Saturday, September 30, 2023

The non-indicative forms of εἰμί, part 1: subjunctive, infinitive, imperative

Participles are also a non-indicative form, but they are used frequently enough to be covered in a separate post.

I find the subjunctive of εἰμί difficult in terms of spelling; the singular forms are entirely vowels.  All six forms (singular and plural, 1st, 2nd, and 3rd person) are found in the New Testament. 

The proper translation of subjunctive forms is particularly dependent on context.  English makes a distinction between 'might' and 'should', for example; Greek, not so much.  In the New Testament, in practice, many (most?) of the subjunctive forms of εἰμί are translated by 'might be'.

Present subjunctive 


                               I could / should / might be

ᾖς                              you could / should / might be (sing.)

                                he/she/it could / should / might be

ὦμεν                          we could / should / might be

ἦτε                            you could / should / might be (pl.)

ὦσιν                          they could / should / might be



1  Generally, subjunctives contain lengthened vowels; specifically, here we find ω and η.  Notice, for example, the subjunctive 2-P ἦτε in comparison to the indicative 2-P ἐστέ.

2  However, this means that - again, in the case of εἰμί - present subjunctives with η may be confused with imperfect indicatives.  For example, the subjunctive ἦτε is identical in spelling to the imperfect indicative ἦτε, and the subjunctive ᾖς looks very similar to the imperfect ἦς.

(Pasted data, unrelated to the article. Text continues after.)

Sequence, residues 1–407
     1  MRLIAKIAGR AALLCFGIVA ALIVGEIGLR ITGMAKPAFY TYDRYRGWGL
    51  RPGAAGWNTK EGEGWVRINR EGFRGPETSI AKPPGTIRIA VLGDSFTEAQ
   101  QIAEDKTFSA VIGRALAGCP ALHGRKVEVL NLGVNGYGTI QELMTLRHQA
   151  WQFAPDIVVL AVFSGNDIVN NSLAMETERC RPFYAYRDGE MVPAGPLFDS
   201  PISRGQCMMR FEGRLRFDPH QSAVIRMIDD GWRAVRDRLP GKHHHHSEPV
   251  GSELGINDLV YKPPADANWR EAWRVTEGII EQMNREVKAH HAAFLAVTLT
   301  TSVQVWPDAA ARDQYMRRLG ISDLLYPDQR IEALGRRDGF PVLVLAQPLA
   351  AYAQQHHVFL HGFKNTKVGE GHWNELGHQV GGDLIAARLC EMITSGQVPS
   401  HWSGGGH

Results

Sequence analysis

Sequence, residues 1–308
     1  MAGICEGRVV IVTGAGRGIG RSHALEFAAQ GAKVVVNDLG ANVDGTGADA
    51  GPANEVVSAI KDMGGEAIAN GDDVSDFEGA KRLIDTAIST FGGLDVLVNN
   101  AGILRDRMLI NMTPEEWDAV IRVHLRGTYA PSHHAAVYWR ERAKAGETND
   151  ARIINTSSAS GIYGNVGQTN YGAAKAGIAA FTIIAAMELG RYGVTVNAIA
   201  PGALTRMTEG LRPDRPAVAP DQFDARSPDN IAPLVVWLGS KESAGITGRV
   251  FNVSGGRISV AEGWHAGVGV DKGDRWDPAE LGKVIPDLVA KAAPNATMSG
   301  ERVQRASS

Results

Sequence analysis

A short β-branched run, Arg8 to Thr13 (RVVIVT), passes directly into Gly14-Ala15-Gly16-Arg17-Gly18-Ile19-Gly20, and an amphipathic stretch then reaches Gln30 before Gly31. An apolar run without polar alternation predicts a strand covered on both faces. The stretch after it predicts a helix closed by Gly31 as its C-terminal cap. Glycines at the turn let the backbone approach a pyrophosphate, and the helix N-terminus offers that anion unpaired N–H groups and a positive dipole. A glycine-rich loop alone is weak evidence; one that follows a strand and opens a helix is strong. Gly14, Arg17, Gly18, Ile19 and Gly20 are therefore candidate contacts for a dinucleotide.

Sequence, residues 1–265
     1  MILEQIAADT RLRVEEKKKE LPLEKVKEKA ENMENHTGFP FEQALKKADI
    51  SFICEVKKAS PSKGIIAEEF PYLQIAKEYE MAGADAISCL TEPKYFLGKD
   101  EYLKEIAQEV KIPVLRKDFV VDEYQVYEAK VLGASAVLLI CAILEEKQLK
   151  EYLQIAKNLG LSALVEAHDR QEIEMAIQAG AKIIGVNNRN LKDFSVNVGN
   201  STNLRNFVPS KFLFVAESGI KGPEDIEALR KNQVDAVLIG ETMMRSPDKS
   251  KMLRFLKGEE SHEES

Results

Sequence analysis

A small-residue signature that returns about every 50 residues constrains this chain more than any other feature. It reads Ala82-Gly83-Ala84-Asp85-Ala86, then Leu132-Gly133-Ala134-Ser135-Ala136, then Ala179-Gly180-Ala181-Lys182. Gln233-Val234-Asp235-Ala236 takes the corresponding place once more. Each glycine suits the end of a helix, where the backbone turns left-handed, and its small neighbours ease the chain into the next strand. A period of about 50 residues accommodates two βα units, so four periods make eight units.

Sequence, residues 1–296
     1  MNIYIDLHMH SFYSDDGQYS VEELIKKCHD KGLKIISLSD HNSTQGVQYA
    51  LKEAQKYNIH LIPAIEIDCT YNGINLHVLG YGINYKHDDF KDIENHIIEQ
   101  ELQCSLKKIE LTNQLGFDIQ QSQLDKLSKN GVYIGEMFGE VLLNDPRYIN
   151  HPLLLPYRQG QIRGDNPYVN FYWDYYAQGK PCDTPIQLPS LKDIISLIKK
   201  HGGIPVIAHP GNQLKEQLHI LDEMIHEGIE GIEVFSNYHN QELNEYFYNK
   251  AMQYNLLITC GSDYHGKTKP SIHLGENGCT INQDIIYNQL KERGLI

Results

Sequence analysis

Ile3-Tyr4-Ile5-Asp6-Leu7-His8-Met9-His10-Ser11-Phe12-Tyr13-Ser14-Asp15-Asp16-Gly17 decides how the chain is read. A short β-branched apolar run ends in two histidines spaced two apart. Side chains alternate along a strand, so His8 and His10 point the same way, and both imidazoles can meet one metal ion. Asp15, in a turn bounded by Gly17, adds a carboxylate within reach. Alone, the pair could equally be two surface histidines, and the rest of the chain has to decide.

There is only one infinitive for εἰμί: the present infinitive εἶναι.  It is a common form in the New Testament, used about 125 times.

There are no separate (one-word) infinitive forms in modern Greek, but είναι persists as the 3-S present indicative: he/she/it is.          


One convention to indicate an 2nd person imperative form in the context of a paradigm is to add '!', i.e., γράψον, 'write!'.  

____                     (no first person forms)

ἴσθι                      [you, sing.]  be!  

ἤτω / ἔστω          let him / her / it be   

____                    (no first person forms)

ἔστε                    [you, pl.]  be!

ἔστωσαν            let them be


1  The form ἔστω is considerably more common than ἤτω.


2  I can find no instances of ἔστε being used in the NT.  The form ἐστε or ἐστέ is common as the 2-P present indicative.

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